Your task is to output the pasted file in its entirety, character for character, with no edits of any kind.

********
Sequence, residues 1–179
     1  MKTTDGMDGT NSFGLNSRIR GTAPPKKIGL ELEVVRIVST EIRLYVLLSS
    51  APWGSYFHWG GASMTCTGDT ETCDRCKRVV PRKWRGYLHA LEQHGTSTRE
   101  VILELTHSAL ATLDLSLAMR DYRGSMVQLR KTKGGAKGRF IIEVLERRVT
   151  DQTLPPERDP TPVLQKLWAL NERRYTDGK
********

Sequence, residues 1–179
     1  MKTTDGMDGT NSFGLNSRIR GTAPPKKIGL ELEVVRIVST EIRLYVLLSS
    51  APWGSYFHWG GASMTCTGDT ETCDRCKRVV PRKWRGYLHA LEQHGTSTRE
   101  VILELTHSAL ATLDLSLAMR DYRGSMVQLR KTKGGAKGRF IIEVLERRVT
   151  DQTLPPERDP TPVLQKLWAL NERRYTDGK